Water is such a tricky thing. Many of us aren’t quite a fan of having to drink water on a regular basis, despite its absolute necessity to stay hydrated. We absolutely need to drink enough on a regular basis to keep our bodies running properly, and to avoid catastrophic failure. While that might sound dramatic, it’s not – it is that important.
While you could survive weeks without food, you could only survive a few days without water. So, why is it so important?
Why is water so important?
Water is key to so many of your body’s functions – it helps regulate body temperature, it circulates nutrients and oxygen to cells, it lubricates the joints, it keeps the skin and mucous membranes hydrated, and protects the organs.
When we don’t drink enough, our body can become dehydrated. Symptoms of dehydration may vary from person to person, but can include:
- – Headaches
- – Dizziness
- – Thirst
- – Dry skin and mouth
- – Infrequent urination
- – Fatigue
- – Irritability
- – Irregular heartbeat
While you can pay attention to these signs of dehydration, you can determine your state of hydration by the color of your urine. A darker golden or yellow color indicates dehydration, while lighter, clearer colors are a good sign of hydration.
So then, it’s extremely important to ensure you get enough water, but how much is enough to keep you properly hydrated?
You could go with the 8×8 rule…
There are many different recommendations for water intake. The most common recommendation for water intake – eight 8 oz glasses a day for a total of 64 oz. While this is a good baseline, it’s not always enough for everyone. There are many factors to consider when it comes to your intake – for example, size, activity level, and location in the world (some locations are much drier than others).
So, what are some other, more precise ways of determining your daily water needs?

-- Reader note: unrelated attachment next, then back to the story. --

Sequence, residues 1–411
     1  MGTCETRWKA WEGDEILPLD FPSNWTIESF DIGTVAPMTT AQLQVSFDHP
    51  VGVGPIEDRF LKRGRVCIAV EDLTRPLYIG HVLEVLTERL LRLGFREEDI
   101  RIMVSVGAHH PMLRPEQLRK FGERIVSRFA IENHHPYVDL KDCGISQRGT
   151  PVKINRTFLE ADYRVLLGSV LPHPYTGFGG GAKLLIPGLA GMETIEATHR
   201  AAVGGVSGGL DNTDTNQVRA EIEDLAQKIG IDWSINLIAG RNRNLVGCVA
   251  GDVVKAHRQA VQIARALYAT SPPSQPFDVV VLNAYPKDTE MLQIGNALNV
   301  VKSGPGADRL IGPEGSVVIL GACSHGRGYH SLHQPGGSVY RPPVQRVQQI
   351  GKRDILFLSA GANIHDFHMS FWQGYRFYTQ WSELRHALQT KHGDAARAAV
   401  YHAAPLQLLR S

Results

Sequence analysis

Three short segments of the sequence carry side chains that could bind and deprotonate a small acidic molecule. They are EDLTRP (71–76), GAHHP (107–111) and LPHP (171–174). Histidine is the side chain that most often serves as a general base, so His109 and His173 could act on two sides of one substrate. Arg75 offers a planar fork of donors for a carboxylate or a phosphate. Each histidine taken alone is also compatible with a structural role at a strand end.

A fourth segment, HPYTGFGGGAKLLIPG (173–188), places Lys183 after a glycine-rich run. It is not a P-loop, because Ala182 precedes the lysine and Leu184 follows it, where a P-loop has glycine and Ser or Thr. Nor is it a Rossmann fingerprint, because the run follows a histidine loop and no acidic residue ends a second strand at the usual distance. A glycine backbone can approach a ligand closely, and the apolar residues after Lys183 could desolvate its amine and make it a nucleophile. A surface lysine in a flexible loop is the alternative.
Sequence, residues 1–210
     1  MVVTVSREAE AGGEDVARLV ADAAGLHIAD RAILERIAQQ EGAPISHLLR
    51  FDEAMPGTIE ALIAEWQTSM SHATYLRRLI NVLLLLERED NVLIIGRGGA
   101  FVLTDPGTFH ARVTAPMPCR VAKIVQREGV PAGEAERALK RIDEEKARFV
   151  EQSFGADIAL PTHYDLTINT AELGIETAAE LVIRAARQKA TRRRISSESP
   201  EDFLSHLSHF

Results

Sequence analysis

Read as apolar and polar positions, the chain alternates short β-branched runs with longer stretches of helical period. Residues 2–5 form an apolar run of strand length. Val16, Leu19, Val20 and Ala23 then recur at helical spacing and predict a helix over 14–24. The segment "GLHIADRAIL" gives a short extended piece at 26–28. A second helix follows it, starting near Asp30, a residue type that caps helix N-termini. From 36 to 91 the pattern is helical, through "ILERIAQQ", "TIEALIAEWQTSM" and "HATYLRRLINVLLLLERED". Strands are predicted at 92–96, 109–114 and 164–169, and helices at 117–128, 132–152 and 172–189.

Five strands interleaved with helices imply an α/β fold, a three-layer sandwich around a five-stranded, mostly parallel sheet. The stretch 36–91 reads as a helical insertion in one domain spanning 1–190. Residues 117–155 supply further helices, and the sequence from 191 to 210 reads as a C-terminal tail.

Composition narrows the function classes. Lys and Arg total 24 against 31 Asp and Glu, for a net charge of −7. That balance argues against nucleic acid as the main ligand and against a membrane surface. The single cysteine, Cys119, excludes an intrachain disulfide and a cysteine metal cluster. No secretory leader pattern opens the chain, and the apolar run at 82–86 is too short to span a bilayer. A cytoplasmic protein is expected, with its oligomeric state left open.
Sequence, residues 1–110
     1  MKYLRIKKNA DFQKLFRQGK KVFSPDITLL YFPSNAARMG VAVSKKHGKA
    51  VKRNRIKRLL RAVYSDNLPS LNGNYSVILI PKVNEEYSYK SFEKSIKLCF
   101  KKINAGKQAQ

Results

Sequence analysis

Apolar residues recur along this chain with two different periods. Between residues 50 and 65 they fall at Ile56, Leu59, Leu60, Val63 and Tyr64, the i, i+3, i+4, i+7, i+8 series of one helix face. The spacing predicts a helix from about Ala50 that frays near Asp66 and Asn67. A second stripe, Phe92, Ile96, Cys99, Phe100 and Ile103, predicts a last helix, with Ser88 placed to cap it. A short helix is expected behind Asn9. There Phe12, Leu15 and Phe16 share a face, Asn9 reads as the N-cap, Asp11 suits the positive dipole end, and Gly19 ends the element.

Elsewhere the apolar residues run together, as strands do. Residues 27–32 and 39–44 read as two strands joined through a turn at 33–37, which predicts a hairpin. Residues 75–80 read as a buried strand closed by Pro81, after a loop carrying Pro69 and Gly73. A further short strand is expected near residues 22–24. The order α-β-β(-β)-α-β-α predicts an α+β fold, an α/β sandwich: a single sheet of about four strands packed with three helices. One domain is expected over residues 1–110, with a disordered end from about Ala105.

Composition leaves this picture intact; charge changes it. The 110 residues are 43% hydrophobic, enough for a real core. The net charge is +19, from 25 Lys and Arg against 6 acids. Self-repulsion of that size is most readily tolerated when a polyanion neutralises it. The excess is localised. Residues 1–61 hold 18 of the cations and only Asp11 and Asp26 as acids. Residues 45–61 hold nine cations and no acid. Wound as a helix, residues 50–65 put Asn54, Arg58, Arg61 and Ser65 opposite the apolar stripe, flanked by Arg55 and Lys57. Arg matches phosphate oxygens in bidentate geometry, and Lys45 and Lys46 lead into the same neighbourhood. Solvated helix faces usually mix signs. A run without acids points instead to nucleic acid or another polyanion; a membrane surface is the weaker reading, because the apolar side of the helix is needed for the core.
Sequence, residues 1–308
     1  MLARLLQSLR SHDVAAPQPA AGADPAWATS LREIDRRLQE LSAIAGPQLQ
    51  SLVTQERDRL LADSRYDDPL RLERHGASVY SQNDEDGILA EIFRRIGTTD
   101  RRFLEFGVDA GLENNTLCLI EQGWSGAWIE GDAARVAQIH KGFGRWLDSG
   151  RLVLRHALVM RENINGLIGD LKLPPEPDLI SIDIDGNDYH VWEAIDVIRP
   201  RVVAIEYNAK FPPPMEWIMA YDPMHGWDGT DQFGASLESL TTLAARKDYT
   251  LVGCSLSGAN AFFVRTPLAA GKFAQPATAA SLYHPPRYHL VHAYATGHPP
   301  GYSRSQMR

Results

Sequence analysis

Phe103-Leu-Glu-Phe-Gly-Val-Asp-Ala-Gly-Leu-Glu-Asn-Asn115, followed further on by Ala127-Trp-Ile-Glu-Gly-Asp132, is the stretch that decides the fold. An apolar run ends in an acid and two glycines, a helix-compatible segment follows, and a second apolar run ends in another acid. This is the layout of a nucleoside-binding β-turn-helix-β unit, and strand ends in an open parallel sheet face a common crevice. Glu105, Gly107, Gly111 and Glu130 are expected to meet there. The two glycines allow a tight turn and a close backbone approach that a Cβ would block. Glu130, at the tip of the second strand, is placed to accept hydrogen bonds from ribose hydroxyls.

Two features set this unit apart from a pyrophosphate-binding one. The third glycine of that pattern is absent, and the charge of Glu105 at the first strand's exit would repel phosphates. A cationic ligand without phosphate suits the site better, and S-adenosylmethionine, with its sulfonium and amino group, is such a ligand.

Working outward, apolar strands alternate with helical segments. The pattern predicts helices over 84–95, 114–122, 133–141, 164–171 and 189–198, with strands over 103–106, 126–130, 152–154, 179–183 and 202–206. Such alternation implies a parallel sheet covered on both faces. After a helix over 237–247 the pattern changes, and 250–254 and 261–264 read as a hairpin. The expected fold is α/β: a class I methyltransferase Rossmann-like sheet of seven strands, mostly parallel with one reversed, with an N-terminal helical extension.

There are many ways of determining the amount of water you need on a daily basis, though these recommendations may vary.
For example, the U.S. National Academies of Sciences, Engineering, and Medicine recommend about 15.5 cups (3.7 liters) of fluids a day for men, and 11.5 cups (2.7 liters) of fluids a day for women.
If you spoke with a dietitian, they might recommend that you drink 1 mL of water for every calorie you eat (so if you ate 2,000 calories per day, you need about 2,000 mL or 66 oz per day; 30 mL = 1 oz).
Another popular search result is to drink ½ oz to 1 oz for every pound of body weight.This means a 150lb person would have to drink between 75oz-150oz. Keep in mind it is technically possible to drink too much water, which can over-work your kidneys and cause them to dilute the amount of sodium in your blood. This could be life-threatening, though it is very rare.
So what’s the final verdict?
It’s important to ensure that you are conscious of the amount of water you’re taking in. The 8×8 rule isn’t a bad one to follow, but if you notice that you exhibit signs of dehydration, it might be a good idea to increase that amount you’re drinking on a regular basis.
It’s also important to consider that you may need additional water after experiencing increased water loss. For example, you lose a lot of water when you sweat after exercise! Remember that if you participate in regular physical activity, you’ll need more than when you’re at rest. Pay attention to your body and give it what it needs.
For those who just hate drinking water…
It can be difficult to drink enough on a regular basis. So whether you hate the taste, or just conveniently ‘forget’ to drink throughout the day, here are a few tips that you can use to increase your water intake:
- Add fresh fruit, like strawberries, cucumber, lemons, or limes
- Buy a reusable bottle to bring with you everywhere you go
- Give yourself a reward after a week of meeting your daily water goals
- Add sugar-free flavor packets to give your drink some flavor
- Add your Purality Health® supplements! Our products can all be added to water for some flavor and will remain as potent as if you took them right from the bottle or off of a spoon…